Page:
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Family Recovery: Self Care and Selfishness

answered 10:25 PM EST, Fri December 16, 2011
coco coco Brandon
My adult daughter has just entered a treatment facility this week for drug addiction. Our family is well aware we have been enablers for many years and allowed the addict to control our lives in many ways, but we are now attempting to get educated about dealing with this disease and how not to enable her further, as well as support her recovery. The facility is 3 hours away from our home and they allow visitation every Saturday. An extended family Christmas get together for my husband's side of the family has been planned for this Saturday and we made plans to attend prior to our daughter's admission so we explained to her we would not be visiting this first Saturday. The following Saturday is Christmas Eve and traditionally we have had my family members in our home for a celebration on Christmas Eve. My husband, mother, and brother have no problem changing our get together to Christmas night so we may visit our daughter in treatment on Christmas Eve, however my other daughter (sibling of the addict) thinks we are changing our tradition to revolve around the addict, which she believes is something we should not do. Rather than viewing this as letting her disease control us, I see changing our normal Christmas plans in order to visit as a way to show support for her recovery. Can you offer your opinion on this matter?

Delisted Expert Says...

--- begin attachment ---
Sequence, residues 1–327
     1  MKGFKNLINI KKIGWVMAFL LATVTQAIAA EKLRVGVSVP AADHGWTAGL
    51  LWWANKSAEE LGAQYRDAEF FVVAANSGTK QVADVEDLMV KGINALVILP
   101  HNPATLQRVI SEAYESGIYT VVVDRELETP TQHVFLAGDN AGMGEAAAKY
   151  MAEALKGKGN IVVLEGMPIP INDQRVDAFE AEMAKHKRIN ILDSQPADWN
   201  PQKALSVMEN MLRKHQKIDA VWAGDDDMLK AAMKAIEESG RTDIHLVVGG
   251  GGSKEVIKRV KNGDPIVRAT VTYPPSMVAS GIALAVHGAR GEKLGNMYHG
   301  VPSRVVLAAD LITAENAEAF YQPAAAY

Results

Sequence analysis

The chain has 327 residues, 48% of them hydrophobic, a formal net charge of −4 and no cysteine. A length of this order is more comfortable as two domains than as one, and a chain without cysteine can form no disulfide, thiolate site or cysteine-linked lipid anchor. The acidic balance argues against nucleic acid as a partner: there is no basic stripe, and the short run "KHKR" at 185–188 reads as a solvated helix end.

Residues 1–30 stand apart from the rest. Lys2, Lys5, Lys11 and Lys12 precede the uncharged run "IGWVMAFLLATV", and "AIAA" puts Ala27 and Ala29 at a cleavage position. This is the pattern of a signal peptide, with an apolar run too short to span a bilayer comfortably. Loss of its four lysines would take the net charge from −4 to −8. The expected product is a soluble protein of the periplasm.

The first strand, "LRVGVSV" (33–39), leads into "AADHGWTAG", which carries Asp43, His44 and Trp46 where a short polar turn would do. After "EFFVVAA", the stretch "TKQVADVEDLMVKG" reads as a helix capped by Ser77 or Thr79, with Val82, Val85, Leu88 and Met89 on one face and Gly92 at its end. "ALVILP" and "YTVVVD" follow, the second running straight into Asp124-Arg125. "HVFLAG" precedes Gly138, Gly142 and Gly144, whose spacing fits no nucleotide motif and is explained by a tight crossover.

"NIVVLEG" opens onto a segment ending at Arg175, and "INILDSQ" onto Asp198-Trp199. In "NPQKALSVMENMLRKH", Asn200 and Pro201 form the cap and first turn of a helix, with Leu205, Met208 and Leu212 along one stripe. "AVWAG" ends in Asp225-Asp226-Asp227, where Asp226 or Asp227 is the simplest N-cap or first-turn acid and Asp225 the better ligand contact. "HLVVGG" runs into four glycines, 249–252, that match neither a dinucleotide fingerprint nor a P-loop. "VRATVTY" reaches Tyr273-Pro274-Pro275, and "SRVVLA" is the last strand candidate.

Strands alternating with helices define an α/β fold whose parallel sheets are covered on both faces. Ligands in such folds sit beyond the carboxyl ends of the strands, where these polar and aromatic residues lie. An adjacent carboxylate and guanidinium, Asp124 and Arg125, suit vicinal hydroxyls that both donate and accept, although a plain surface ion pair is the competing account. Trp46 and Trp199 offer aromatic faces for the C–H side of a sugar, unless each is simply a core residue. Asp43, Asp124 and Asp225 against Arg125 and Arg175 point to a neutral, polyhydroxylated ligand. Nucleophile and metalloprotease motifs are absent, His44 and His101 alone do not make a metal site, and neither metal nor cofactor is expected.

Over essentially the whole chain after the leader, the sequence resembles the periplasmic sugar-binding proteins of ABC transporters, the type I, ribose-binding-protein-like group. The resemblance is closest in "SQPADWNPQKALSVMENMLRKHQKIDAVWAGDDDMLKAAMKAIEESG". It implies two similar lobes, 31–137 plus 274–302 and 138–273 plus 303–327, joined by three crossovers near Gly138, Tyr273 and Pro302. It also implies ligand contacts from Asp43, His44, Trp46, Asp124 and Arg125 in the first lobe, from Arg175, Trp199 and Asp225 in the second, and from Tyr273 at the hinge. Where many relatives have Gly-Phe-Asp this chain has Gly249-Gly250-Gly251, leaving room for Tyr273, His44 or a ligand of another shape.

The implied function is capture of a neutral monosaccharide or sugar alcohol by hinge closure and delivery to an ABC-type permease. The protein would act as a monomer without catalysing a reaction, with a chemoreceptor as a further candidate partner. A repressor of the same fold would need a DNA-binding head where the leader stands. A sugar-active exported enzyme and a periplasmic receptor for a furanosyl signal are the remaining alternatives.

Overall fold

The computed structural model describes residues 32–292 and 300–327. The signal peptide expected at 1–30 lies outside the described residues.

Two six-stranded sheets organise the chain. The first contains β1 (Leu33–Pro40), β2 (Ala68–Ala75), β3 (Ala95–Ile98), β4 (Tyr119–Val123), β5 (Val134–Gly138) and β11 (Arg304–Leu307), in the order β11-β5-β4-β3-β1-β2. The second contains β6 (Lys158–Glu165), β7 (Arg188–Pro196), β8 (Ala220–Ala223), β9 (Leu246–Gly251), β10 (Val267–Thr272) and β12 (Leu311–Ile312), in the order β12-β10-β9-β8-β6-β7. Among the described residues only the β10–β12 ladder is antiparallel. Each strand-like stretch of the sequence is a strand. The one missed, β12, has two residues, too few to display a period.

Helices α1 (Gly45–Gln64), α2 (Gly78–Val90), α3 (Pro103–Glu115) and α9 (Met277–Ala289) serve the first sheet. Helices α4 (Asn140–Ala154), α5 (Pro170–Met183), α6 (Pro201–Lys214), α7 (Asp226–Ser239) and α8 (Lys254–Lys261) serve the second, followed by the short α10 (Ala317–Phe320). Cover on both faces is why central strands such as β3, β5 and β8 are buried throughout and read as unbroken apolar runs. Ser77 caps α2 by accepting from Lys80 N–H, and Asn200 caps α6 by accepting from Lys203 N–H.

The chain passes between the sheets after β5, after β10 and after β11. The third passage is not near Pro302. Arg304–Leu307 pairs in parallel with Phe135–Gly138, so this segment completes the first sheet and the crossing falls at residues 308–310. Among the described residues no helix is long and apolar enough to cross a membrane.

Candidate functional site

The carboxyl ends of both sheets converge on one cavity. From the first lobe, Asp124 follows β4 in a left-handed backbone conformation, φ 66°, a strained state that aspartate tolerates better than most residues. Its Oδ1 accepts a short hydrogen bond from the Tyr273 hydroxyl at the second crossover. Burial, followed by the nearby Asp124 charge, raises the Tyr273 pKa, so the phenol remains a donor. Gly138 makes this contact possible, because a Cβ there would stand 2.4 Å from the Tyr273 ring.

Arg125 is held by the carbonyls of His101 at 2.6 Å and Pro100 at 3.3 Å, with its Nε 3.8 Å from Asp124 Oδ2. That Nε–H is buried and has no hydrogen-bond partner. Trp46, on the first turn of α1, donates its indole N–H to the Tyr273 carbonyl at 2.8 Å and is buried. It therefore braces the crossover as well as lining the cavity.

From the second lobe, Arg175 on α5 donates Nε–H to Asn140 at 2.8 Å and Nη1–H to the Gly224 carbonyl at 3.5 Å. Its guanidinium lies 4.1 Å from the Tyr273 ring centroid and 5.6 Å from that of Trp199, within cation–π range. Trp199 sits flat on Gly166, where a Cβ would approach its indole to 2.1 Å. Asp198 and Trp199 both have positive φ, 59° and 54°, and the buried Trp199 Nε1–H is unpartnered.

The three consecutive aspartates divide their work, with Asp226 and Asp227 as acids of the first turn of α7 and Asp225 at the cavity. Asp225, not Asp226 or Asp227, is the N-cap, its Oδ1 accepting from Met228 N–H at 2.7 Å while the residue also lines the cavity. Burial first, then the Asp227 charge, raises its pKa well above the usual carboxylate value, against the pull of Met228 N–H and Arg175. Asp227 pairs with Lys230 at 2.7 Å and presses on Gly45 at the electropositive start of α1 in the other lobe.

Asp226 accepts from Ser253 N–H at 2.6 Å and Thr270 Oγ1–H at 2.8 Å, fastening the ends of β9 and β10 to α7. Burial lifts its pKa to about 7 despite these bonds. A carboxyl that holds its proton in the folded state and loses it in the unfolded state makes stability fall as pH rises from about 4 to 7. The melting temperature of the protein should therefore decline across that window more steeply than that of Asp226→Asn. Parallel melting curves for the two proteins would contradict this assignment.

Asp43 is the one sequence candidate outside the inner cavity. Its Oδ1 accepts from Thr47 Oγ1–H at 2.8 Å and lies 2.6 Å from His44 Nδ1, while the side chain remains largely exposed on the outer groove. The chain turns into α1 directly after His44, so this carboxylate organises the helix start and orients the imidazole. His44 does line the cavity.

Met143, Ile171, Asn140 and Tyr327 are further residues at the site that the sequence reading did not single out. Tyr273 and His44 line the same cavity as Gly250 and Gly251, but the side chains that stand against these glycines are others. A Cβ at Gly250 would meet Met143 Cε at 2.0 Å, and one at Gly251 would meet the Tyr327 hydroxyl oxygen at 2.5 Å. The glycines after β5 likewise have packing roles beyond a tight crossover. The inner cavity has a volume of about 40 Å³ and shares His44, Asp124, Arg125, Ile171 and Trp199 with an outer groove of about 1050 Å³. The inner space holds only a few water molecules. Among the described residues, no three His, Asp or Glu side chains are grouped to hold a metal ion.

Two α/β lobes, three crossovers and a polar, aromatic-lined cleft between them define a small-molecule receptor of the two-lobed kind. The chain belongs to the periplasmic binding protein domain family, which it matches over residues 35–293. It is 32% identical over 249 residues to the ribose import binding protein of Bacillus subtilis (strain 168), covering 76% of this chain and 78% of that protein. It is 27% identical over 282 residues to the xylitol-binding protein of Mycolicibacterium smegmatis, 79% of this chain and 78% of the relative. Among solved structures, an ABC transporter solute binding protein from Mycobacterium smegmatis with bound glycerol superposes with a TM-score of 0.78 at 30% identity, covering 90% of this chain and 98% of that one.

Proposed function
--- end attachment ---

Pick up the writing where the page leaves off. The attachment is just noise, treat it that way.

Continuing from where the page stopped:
Dear Parent:

For me to clearly understand, I numbered and identified your family dynamics as you explained and as I understood them:

  1. Daughter started treatment for drug addiction (new behavior and direction for her and her family)
  2. Family has enablers her to progress in her disease (new information and guilt???)
  3. Getting education about how “not” to enable others (new information and behavior)
  4. Supports daughter’s recovery (means family changes its behavior as well as daughter)
  5. Facility is 3 hours away and has only Saturday visitations (new rules and structure)
  6. Father’s extended family’s Xmas get together is on a Saturday (constant variable without deviation)
  7. Xmas Eve, the next Saturday, is usually spend with wife’s family (old rule and structure)
  8. Mother’s family is flexible and will spend Xmas eve night with Mother, Father and other daughter (healthy and adaptable behavior by mother’s family)
  9. Other daughter has the problem: She thinks family is changing their tradition to revolve around the addict and wants to influence their decision and/or control them)
  10. Other daughter is against their visitation with her recovering sister because she thinks parents are enabling addicted sister (resentment??)
  11. Parents do not agree that addicted daughter is continuing to control them via her drug addiction (old behavior) and now recovery.
  12. Parents believe a visitation with their hospitalized daughter is showing or offering support for their daughter’s early recovery from substance abuse. (new belief and behavior by supporting recovery rather than supporting continued substance abuse).